RULE OF THUMB: On public channels like Twitter eight or ten messages a day should be ok. On private ones like Facebook, more than four is pushing your luck.

2. Age is important

Users younger than 25 years old are generally more noise tolerant, regardless of platform. This is partly generational – they have grown up in a digital age and frequently send and receive hundreds of SMSes per day – and partly due to their excess of free time.

The opposite is true of people over 45. Not only are they time-poor due to careers and child rearing, they also aren’t used to the ultra high frequency of the digital age. They may have only a couple of dozen friends on a site like Facebook. If you post them ten messages a day, you may be the only thing in their news feed. Not good.

RULE OF THUMB: If your audience is between 30 and 45, tone your frequency down by about 25%. If they are older than 45, reduce it by 50%. Conversely if they are under 16, experiment with pumping it up by 25%.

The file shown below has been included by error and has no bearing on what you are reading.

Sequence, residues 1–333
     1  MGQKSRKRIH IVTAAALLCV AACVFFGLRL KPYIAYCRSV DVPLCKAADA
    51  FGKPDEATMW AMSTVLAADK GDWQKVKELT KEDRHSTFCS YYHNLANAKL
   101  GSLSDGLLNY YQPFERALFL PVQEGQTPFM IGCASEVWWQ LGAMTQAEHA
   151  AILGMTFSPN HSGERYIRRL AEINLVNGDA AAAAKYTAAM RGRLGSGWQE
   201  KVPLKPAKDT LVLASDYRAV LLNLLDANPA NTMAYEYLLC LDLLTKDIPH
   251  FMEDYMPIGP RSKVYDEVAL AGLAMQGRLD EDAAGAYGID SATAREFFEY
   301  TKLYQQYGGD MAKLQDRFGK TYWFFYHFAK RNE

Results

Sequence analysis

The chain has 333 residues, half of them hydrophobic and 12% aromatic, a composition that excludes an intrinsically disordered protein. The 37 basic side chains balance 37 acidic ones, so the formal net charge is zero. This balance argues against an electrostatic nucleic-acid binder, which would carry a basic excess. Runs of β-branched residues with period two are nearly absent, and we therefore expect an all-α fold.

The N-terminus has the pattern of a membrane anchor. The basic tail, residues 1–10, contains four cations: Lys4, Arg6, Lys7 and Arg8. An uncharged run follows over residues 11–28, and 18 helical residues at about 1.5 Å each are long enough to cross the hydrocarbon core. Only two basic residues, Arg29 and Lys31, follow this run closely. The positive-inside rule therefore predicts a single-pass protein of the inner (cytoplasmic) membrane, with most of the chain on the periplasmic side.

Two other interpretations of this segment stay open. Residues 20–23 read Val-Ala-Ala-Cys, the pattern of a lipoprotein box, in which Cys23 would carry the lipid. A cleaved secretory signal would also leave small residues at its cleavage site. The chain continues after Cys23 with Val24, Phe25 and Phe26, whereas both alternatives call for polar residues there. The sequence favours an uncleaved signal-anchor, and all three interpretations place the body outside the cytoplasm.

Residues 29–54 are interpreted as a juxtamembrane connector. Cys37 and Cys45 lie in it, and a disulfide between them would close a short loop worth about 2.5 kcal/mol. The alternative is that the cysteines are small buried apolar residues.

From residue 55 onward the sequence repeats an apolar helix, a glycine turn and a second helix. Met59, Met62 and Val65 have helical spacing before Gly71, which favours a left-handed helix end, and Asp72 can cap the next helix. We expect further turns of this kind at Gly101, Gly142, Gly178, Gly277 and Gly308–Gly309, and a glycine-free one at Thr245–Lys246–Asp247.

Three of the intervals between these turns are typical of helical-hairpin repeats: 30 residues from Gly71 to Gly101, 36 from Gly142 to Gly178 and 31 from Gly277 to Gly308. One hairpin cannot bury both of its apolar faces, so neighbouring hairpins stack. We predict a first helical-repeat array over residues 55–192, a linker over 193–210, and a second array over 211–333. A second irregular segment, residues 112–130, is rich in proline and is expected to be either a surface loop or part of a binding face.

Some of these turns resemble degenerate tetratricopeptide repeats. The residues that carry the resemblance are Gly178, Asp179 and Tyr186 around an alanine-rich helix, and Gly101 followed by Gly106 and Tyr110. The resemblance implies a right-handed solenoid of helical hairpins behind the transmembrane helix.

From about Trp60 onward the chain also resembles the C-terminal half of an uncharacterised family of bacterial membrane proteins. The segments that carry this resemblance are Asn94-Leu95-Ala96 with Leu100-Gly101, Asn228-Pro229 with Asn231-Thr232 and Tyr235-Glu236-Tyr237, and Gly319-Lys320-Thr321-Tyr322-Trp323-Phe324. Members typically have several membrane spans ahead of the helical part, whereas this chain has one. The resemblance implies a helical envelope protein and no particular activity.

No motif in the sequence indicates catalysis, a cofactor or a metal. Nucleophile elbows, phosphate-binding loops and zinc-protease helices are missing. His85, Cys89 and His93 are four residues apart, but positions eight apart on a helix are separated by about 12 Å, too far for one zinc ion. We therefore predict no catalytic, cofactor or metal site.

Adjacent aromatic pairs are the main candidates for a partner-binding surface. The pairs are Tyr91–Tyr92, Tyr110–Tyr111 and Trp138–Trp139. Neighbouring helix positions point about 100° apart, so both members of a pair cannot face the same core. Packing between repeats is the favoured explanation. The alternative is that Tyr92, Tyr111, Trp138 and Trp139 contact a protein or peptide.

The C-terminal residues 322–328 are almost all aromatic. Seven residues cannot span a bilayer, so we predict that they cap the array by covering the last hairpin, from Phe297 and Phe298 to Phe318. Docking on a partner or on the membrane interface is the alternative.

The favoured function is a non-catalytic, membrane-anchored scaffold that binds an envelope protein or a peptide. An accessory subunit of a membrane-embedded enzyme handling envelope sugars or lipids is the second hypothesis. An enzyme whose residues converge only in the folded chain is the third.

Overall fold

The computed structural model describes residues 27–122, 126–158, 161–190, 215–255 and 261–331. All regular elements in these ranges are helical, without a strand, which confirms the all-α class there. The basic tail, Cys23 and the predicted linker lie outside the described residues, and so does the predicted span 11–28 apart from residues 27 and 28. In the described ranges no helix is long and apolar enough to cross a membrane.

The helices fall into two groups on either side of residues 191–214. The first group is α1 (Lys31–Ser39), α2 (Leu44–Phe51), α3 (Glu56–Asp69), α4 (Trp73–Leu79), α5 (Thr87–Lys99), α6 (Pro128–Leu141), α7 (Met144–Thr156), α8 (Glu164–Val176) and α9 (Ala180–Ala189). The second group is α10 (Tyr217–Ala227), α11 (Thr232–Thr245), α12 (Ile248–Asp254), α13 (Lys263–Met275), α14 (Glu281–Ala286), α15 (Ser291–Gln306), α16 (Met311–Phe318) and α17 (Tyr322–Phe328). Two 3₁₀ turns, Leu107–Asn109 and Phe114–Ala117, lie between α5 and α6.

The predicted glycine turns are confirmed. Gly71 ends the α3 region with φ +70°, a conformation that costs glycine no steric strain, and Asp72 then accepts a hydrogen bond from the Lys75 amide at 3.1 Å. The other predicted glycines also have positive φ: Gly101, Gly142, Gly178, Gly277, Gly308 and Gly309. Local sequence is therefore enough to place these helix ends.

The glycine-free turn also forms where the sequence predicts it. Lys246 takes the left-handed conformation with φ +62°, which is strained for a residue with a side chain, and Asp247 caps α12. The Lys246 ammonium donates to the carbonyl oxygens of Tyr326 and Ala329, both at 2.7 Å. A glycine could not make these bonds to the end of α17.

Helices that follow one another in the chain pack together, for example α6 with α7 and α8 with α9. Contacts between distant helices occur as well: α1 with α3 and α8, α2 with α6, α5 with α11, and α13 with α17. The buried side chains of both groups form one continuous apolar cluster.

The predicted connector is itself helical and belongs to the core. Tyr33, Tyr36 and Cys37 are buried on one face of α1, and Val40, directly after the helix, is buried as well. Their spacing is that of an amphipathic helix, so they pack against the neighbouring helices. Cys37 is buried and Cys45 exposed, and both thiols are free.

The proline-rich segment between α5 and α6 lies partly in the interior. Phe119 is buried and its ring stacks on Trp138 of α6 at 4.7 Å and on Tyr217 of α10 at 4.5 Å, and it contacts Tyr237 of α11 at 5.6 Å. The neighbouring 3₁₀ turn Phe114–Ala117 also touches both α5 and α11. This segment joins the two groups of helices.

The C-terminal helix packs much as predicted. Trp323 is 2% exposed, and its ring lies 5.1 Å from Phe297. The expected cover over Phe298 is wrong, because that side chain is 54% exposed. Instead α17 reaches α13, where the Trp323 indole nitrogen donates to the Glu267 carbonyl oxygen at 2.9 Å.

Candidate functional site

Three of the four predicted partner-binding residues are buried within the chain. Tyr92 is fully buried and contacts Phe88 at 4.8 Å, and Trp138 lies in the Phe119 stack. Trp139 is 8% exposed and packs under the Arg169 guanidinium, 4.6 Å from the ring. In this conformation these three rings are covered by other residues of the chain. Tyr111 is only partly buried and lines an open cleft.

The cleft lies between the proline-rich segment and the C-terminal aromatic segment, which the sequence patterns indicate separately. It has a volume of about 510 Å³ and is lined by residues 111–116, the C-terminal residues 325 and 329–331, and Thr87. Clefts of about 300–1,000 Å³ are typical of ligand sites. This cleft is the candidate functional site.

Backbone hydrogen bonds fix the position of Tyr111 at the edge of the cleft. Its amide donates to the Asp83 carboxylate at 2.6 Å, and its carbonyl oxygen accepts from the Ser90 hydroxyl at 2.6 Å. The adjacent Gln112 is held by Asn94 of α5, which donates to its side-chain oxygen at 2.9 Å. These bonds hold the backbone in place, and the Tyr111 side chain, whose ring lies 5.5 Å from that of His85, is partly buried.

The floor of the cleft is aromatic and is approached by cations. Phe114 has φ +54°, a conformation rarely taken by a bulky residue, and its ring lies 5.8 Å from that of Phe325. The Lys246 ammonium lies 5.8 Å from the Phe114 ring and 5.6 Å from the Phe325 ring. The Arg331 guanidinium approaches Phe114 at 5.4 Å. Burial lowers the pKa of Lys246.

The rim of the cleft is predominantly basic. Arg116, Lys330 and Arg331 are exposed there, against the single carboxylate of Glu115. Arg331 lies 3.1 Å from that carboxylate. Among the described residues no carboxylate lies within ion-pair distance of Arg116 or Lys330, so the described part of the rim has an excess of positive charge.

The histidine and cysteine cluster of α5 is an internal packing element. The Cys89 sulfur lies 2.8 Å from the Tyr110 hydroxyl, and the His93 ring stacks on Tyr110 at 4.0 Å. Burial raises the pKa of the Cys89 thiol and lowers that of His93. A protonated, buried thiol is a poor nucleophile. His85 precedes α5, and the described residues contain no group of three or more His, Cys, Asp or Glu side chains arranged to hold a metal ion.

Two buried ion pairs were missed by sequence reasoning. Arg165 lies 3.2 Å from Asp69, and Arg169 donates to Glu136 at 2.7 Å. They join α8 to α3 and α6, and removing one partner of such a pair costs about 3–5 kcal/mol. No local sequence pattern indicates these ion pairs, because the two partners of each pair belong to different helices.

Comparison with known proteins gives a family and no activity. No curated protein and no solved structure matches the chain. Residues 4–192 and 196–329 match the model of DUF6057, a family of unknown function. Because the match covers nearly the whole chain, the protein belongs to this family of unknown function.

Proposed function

3. Brand attachment counts

If you have an older, more established brand, then you’ve built up some emotional capital with your audience. They are more likely to be receptive to your messages and less likely to see them as invasive or annoying. This has its limits though – no one likes a spammer – so remember to add value with every post.

If your brand is new or relatively unknown, then you’re going to have to work a lot harder to win people’s trust. This means carefully weighing every post, nurturing each new follower or fan, and adapting your campaigns as you go along.

RULE OF THUMB: New brands need to post less often and with more impact. Concentrate on pleasing a smaller audience first. Older brands need to keep things cuddly – don’t think you can spam them just because they already like you.

4. The value of the message is vital

Would you go up to someone at a cocktail party and try to hard sell them on your brand’s latest three-for-two deal? If so, then you shouldn’t be in charge of the social media campaign. Value in social media is far more about intrinsics like humour and understanding, and far less about clearance sales or special offers.